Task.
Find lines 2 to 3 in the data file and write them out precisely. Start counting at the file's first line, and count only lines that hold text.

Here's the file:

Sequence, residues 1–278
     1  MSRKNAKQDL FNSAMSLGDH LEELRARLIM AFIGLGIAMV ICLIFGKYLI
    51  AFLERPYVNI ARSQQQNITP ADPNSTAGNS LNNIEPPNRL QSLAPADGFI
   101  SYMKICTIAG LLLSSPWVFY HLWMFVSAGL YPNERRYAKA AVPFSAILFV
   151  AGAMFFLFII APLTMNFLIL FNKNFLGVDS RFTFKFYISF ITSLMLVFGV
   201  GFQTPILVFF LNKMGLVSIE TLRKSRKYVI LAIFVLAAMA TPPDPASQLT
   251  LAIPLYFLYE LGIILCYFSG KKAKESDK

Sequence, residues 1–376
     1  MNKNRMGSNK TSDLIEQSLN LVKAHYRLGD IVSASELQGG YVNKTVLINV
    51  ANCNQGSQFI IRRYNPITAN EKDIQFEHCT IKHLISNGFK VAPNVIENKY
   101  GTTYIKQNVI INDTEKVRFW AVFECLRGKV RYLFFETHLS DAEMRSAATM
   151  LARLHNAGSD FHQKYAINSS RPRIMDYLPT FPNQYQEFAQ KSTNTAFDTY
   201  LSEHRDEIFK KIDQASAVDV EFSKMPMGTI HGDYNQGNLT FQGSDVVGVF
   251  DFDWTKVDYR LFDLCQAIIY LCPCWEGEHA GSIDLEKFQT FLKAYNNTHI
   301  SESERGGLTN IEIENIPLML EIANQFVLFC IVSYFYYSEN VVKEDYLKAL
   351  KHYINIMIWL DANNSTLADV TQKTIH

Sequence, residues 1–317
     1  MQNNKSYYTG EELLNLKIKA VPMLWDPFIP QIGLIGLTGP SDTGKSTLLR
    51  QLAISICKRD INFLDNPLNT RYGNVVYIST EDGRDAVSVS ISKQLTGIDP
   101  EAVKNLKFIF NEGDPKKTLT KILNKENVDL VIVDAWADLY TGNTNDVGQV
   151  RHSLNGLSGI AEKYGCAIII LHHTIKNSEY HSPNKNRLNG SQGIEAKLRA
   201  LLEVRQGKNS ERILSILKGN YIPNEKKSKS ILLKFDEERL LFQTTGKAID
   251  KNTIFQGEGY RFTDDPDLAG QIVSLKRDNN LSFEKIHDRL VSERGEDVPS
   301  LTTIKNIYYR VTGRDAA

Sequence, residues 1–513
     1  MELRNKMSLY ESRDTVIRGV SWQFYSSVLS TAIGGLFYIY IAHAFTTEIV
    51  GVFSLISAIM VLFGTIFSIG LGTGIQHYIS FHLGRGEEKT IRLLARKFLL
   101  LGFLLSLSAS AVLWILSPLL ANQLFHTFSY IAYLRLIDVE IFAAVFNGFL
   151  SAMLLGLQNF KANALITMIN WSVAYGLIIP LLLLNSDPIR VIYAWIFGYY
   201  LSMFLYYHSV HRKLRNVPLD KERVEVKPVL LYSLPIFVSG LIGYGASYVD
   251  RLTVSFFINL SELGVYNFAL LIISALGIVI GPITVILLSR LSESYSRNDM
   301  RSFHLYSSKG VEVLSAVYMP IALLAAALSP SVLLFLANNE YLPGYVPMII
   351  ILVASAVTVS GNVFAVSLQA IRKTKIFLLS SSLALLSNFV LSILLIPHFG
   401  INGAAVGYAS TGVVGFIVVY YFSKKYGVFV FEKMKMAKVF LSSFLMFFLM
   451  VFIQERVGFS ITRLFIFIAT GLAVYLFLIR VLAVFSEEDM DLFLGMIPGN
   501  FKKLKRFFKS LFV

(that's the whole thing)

     1  MSRKNAKQDL FNSAMSLGDH LEELRARLIM AFIGLGIAMV ICLIFGKYLI
    51  AFLERPYVNI ARSQQQNITP ADPNSTAGNS LNNIEPPNRL QSLAPADGFI